While migrating to an urban area offers opportunities for migrants, it comes with risks. Many migrants entering cities from rural areas have limited resources and are highly vulnerable. In the hope of a better life, many end up in deprived and marginalised neighbourhoods with poor access to water, sanitation, and public services.

Having fled from environmental threats in their origin regions, climate migrants may find themselves exposed to new hazards in their urban destinations. Many informal settlements are located on marginal land in risk areas. Due to the low quality of construction materials in these areas, the inadequate infrastructure and high population densities, disasters can have fatal consequences.

Urban floods, in particular, are a major challenge. For example, in 2018, six of the ten largest flooding events that triggered displacement were in sub-Saharan Africa, and urban areas bore the greatest impacts. Also this year, severe floods across the region affected several hundred thousand people and led to severe damage and displacement.

Going forward

Climate migration is already a reality for many people and will continue to be. The World Bank Groundswell report projects that up to 86 million people could be forced to migrate within their own countries by 2050 to escape the slow-onset impacts of climate change in sub-Saharan Africa.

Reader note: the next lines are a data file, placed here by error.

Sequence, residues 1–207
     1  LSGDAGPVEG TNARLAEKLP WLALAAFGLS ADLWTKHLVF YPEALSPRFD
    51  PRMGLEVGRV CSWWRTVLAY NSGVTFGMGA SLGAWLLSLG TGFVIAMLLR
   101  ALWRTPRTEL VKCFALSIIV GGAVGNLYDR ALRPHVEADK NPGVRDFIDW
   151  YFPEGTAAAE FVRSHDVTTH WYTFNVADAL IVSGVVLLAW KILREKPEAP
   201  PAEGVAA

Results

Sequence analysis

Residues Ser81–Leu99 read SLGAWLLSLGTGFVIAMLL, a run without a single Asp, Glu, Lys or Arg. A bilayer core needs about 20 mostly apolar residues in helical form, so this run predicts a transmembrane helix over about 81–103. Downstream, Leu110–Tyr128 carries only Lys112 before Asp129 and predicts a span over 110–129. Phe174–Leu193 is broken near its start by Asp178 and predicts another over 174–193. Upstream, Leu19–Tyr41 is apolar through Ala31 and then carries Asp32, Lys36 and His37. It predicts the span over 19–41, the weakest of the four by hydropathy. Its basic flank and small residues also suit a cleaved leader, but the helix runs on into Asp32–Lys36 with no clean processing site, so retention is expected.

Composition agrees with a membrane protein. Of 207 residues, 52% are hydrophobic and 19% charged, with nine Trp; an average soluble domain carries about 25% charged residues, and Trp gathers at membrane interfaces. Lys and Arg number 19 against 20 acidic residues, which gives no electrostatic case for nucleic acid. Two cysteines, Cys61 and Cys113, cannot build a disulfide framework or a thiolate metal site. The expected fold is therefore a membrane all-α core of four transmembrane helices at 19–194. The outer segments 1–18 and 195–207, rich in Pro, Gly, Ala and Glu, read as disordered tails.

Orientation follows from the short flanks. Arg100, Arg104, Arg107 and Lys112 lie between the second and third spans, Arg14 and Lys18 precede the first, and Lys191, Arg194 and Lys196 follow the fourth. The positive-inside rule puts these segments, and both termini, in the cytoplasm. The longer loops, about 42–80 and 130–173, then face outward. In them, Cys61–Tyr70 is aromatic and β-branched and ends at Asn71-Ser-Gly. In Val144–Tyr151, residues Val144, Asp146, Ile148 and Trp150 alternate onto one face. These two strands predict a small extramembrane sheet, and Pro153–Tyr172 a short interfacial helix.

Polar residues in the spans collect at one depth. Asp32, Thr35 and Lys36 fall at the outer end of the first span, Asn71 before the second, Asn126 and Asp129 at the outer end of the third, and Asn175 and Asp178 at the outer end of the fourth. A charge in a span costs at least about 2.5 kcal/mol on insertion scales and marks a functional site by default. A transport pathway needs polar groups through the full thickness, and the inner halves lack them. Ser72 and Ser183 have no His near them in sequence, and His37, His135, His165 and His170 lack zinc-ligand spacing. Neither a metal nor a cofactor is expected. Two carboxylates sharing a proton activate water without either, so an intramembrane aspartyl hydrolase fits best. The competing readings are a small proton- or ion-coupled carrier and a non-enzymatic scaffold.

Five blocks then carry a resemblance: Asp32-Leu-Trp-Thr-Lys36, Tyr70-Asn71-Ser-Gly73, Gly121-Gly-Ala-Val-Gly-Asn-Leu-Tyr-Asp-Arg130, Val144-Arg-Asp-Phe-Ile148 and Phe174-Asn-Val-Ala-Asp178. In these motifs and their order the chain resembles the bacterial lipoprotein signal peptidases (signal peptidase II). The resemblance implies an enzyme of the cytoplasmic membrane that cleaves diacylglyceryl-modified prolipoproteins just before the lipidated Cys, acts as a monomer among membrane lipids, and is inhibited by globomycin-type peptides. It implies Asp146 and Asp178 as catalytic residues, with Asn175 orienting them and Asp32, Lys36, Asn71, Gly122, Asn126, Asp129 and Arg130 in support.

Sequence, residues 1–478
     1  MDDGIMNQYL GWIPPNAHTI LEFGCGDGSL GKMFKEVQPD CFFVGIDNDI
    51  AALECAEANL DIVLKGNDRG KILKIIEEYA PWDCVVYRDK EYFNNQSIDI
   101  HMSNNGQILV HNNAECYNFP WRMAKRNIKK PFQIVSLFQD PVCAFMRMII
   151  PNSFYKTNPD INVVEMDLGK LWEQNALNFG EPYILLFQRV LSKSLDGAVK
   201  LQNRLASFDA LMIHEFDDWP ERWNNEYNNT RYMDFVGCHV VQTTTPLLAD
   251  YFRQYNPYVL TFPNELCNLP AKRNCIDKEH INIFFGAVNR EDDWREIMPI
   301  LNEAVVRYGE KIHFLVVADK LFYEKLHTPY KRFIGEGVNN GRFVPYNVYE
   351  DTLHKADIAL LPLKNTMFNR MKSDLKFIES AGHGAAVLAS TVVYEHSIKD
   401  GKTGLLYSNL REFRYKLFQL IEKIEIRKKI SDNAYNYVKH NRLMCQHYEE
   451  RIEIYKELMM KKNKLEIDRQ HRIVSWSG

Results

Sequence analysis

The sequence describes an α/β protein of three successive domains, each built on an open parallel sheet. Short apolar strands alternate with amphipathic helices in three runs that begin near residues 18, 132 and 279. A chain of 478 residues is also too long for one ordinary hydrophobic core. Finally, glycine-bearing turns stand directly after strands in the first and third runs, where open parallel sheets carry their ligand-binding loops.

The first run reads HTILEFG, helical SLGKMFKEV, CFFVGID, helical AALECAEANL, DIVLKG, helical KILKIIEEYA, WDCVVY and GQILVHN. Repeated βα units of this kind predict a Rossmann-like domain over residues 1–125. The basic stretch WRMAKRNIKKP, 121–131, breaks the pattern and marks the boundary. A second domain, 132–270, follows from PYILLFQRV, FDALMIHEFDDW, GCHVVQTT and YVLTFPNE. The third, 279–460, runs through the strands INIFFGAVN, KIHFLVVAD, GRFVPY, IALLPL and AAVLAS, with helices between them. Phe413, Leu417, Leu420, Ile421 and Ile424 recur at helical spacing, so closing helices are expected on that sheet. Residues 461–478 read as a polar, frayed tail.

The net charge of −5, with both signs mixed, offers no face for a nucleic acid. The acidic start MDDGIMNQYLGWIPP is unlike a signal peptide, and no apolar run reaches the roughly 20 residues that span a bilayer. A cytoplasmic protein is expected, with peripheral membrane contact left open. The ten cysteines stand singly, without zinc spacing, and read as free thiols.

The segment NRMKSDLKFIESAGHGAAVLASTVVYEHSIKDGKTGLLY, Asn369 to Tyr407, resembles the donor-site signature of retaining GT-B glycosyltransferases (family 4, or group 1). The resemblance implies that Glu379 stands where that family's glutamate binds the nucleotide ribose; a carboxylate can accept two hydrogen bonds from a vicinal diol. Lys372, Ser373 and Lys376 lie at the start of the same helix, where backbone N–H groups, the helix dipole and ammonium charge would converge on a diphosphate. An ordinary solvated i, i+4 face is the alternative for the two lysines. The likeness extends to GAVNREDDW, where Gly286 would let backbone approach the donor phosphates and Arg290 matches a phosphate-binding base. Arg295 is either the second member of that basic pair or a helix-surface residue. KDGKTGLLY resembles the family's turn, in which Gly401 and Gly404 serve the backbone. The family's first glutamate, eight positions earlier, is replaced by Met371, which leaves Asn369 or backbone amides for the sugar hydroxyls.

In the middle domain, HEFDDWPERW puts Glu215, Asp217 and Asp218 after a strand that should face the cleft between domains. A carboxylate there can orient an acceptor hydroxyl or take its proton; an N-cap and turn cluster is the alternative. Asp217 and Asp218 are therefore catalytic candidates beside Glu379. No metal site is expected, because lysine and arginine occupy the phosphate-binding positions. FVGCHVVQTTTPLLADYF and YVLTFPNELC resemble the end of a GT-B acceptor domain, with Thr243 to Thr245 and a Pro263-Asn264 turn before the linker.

A large share of these migrants will move to cities. If planned and well managed, urban growth has the potential to bring social and economic benefits for both migrants and the destination areas. This will need infrastructural development and inclusive economic policies.

For adequate preparation, it’s important to understand why and under which conditions people migrate and where they go. For this, climate change predictions need to be more strongly integrated in migration scenarios. Better data and comprehensive research on migration dynamics can improve policy-making and raise awareness.The Conversation

Author: Roman Hoffmann, Postdoctoral researcher, Potsdam Institute for Climate Impact Research

This article is republished from The Conversation under a Creative Commons license. Read the original article.